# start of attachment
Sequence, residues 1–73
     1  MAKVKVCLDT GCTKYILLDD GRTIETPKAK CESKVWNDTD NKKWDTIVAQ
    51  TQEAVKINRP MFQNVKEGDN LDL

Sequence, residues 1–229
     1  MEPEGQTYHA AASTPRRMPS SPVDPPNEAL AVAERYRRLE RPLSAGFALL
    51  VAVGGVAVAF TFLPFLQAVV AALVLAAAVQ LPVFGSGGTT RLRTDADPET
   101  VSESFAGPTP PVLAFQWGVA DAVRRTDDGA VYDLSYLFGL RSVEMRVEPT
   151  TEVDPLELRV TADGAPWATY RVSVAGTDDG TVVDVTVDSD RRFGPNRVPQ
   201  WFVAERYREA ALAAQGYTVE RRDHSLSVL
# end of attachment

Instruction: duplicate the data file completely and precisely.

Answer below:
Sequence, residues 1–73
     1  MAKVKVCLDT GCTKYILLDD GRTIETPKAK CESKVWNDTD NKKWDTIVAQ
    51  TQEAVKINRP MFQNVKEGDN LDL

Sequence, residues 1–229
     1  MEPEGQTYHA AASTPRRMPS SPVDPPNEAL AVAERYRRLE RPLSAGFALL
    51  VAVGGVAVAF TFLPFLQAVV AALVLAAAVQ LPVFGSGGTT RLRTDADPET
   101  VSESFAGPTP PVLAFQWGVA DAVRRTDDGA VYDLSYLFGL RSVEMRVEPT
   151  TEVDPLELRV TADGAPWATY RVSVAGTDDG TVVDVTVDSD RRFGPNRVPQ
   201  WFVAERYREA ALAAQGYTVE RRDHSLSVL